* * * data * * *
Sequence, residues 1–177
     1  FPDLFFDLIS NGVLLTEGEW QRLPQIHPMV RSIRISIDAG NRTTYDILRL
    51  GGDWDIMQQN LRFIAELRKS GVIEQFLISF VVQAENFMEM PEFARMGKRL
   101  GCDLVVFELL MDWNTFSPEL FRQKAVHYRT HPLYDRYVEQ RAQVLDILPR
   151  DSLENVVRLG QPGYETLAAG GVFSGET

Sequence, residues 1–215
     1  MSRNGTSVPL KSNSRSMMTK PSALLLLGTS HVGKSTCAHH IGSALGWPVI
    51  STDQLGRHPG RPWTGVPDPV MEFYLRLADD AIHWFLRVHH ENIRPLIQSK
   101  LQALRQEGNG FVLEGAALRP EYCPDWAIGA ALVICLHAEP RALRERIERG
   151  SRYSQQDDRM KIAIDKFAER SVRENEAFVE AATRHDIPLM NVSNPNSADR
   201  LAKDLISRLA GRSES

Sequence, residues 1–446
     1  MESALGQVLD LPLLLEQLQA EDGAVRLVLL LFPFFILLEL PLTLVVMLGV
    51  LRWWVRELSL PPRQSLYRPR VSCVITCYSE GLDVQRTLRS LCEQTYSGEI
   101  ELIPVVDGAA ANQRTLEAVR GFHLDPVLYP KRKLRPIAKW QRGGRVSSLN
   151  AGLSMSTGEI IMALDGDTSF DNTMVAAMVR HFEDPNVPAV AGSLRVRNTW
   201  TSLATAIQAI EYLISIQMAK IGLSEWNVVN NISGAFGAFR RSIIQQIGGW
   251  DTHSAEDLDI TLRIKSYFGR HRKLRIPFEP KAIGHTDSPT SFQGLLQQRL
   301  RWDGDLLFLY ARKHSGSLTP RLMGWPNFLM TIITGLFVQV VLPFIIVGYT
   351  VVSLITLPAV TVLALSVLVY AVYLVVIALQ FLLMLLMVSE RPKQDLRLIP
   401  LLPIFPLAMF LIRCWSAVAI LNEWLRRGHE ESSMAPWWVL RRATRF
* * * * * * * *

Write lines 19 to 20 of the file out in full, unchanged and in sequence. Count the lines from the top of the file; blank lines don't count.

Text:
   301  RWDGDLLFLY ARKHSGSLTP RLMGWPNFLM TIITGLFVQV VLPFIIVGYT
   351  VVSLITLPAV TVLALSVLVY AVYLVVIALQ FLLMLLMVSE RPKQDLRLIP